Yes, you can train a pomegranate tree to stand upright with a single trunk. It takes a lot of attention, but its doable --- I've done it.
Pomegranates tend to sucker heavily from the base. You need to repeatedly cut those suckers off or you''ll quickly have a multi-trunk tree. I clean my tree up at least 3 or 4 times a year.
They get top heavy and flop over, even without fruit. You'll need to stake it and continually pull it back to vertical. If a stake isn't enough to keep it upright, then attach ropes and yank it back to vertical.
Prune the fruit AGGRESSIVELY. I remove all but one bloom, and that fruit is close to the trunk, not the end of the branches. If you don't, the heavy fruit will pull the branches down and the tree will tilt toward the heaviest side. I thin the blossoms by aggressively cutting back the branches to leave only one blossom (or one blossom cluster, of which I thin away all but one blossom). I continue to do this all summer because the tree will continue to flower for months.
In the winter, get a step ladder and thin out the center branches of the tree. Leave the main scaffolding branches, but open up the heart of the tree. I have one central vertical trunk that goes up about 15' or so, and then about a dozen main branches that come off of it. It's taken years to get this structure, and every year when I'm up there thinning the tree out again, I question, "Is this worth it?" But now that the fruit is huge and ripening and accessible, I remind myself again that all that hard work of thinning the tree and thinning the fruit is worth it. Long, leggy "water shoots" tend to shoot up and then flop over once they are a couple of feet tall. You've got to decide what to keep and what to remove, or just what to shorten. Again, it's an ongoing process. After 10 years or so, you won't have to be so aggressive, but initially when you are forming the primary tree structure, it's an ongoing battle.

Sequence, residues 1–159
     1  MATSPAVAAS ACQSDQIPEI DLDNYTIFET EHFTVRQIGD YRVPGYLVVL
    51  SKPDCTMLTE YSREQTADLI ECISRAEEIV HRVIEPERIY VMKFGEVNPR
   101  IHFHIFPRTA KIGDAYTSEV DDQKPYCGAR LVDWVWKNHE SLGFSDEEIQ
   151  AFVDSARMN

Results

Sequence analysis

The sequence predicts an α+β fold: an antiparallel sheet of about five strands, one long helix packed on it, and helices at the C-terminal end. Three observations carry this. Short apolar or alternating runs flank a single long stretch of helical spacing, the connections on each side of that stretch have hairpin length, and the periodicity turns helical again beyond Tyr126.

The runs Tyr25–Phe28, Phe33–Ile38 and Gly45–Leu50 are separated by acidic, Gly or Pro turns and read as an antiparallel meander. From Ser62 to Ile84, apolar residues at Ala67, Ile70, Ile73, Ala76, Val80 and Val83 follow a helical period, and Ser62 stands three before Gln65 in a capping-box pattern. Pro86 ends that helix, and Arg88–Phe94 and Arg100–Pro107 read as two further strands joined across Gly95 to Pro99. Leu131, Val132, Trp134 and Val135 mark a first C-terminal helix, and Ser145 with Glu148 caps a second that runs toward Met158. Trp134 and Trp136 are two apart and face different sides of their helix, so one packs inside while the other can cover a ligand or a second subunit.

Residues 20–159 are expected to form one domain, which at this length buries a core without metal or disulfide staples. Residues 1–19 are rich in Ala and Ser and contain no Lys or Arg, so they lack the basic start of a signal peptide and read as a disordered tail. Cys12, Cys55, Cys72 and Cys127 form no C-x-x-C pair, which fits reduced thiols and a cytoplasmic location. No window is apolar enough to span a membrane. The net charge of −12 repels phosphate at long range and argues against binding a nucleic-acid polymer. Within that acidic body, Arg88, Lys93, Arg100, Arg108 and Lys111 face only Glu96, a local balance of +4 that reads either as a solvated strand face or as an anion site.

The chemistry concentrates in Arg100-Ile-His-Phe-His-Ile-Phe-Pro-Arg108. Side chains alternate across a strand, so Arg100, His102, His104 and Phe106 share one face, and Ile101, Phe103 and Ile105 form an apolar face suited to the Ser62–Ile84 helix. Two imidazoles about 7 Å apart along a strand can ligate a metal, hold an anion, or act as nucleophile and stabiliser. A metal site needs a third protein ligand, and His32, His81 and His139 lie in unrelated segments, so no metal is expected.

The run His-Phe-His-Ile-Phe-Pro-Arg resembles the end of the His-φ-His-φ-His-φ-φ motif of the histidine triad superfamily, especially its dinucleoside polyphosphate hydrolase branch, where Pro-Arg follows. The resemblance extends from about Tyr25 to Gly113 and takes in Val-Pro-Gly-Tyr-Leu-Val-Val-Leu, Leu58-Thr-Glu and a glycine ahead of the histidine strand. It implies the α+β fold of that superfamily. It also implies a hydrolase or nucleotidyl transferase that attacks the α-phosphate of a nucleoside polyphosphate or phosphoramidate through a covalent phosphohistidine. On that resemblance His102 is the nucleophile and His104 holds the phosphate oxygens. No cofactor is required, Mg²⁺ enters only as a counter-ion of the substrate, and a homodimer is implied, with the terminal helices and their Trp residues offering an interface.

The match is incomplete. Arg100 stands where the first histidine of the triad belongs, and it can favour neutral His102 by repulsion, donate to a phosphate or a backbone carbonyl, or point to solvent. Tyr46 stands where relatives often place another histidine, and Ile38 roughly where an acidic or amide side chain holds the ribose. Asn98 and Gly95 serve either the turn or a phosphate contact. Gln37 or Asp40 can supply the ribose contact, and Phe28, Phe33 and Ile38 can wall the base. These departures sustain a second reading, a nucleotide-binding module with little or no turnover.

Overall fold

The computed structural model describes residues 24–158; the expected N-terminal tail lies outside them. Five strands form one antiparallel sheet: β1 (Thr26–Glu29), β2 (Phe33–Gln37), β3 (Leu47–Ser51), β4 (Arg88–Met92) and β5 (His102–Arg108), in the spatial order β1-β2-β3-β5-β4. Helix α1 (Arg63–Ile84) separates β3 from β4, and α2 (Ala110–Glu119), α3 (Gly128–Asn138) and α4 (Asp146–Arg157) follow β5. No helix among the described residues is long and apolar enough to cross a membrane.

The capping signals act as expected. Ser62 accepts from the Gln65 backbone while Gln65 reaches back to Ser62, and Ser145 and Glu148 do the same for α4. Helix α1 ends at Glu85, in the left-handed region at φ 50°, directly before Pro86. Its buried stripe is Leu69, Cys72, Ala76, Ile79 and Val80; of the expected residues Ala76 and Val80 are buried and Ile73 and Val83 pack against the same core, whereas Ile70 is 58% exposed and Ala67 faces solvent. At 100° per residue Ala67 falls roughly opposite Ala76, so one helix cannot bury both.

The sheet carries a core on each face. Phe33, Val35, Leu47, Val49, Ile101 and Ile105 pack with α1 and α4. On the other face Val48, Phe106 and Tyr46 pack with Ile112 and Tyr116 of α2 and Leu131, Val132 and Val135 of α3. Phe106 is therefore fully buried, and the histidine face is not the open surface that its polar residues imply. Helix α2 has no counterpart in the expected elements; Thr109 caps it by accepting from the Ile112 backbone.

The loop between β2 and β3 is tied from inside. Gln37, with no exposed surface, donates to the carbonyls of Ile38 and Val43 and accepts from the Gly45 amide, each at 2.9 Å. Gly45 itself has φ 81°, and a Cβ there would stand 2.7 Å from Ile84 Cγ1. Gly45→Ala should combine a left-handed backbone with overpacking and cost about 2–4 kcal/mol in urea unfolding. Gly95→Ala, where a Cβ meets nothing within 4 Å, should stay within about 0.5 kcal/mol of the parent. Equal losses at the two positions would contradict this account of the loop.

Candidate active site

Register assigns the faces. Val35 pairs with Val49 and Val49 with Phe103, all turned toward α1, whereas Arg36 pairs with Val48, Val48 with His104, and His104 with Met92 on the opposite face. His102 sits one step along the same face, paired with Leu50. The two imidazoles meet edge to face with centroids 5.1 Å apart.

One other benefit of training your pomegranate to grow with a central trunk rather than multi-stem is that it makes dealing with ants so much easier. If you keep the branches from dropping down onto something else (like a fence or another tree where it creates a bridge for the ants) and you keep the tree to only a single upright trunk, then you just put a band of tanglefoot around the trunk and it keeps the ants from the fruit.
If that were my baby pomegranate tree, I'd transplant it to a bigger pot, stake that little shoot upright with a 4 foot stake, and begin training it to be the primary trunk. In two years, it'll be ready to go into the ground. Pick any fruit off of it for the first couple of years—there will be plenty to go around in 3 years or so. Pomegranates grow really fast. Focus on tree structure and keeping it vertical and straight. They are squirrelly trees --- make it mind! In the end, you'll be glad you put in all that effort.